At the time of this experiment, all monkeys were housed individually in rooms with 12-h light/dark cycles (7 AM/7 PM), fed Purina Old World Primate chow (formula 5047) and supplemented with fresh fruit enrichment. During testing, the food ration was given once daily following testing, and adjusted individually to ensure that the animals were motivated to perform on the task and maintained their weight at 85% or above of their free-feeding weight. Water was given ad libitum.
Neuroimaging and Surgical Procedures
Between 10 and 12 days of age, subjects in groups Neo-PRh and Neo-C underwent surgery to create excitotoxic lesions of the perirhinal cortex using ibotenic acid, or sham operations, respectively. Animals in the Adult-C group were between 6 and 12 years of age at the time of their sham surgeries.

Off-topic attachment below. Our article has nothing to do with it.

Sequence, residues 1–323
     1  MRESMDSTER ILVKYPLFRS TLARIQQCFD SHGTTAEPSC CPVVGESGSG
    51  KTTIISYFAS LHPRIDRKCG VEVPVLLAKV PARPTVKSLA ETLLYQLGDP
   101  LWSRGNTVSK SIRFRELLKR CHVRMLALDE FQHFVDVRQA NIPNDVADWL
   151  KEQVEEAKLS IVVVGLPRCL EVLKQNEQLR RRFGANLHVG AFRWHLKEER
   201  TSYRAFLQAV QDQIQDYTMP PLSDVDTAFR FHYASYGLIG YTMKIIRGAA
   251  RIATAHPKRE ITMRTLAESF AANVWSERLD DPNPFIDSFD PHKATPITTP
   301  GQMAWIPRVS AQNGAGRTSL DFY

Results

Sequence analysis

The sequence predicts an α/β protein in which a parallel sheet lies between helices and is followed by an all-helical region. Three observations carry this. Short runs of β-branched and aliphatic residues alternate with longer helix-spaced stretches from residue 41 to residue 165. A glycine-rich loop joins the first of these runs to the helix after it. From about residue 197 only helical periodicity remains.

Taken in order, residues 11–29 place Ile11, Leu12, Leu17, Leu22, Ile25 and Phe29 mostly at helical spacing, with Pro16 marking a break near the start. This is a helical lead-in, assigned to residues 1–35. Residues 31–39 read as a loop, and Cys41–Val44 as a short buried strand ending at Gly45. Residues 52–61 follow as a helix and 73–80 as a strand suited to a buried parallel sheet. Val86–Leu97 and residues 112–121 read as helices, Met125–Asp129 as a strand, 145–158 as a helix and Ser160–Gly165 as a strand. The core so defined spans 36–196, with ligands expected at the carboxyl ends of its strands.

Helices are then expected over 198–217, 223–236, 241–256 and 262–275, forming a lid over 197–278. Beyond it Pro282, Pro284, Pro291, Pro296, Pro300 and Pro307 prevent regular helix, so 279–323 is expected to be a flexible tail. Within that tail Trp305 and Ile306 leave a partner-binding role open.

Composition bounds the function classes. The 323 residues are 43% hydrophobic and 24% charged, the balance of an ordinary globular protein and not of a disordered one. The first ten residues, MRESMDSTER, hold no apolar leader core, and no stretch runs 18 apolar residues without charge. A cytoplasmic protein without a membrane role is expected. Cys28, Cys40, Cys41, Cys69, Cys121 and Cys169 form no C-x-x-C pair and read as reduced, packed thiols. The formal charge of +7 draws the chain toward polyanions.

The brain was imaged with a 3T Siemens Magnetom Trio system (Siemens Medical Solutions, Malvern, PA, United States at YNPRC) using a 5 cm surface coil. Both pre-surgery and 1 week post-surgery, two sets of images were obtained: (1) high-resolution structural T1 images [3D T1-weighted fast spoiled gradient (FSPGR)-echo sequence, TE = 2.6 ms, TR = 10.2 ms, 25° flip angle, contiguous 1 mm sections, 12 cm FOV, 256 × 256 matrix]; and (2) Fluid Attenuated Inversion Recovery (FLAIR) images, [TE = 140 ms, TR = 1000 ms, inversion time (TI) = 2200 ms, contiguous 3 mm sections, 12 cm FOV, 256 × 256 matrix; image sequences acquired in three series offset 1 mm posterior]. The T1-weighed images were used to calculate the injection sites pre-surgery and the FLAIR images were used to estimate the extent of PRh damage as well as damage to adjacent structures, as described in the section below.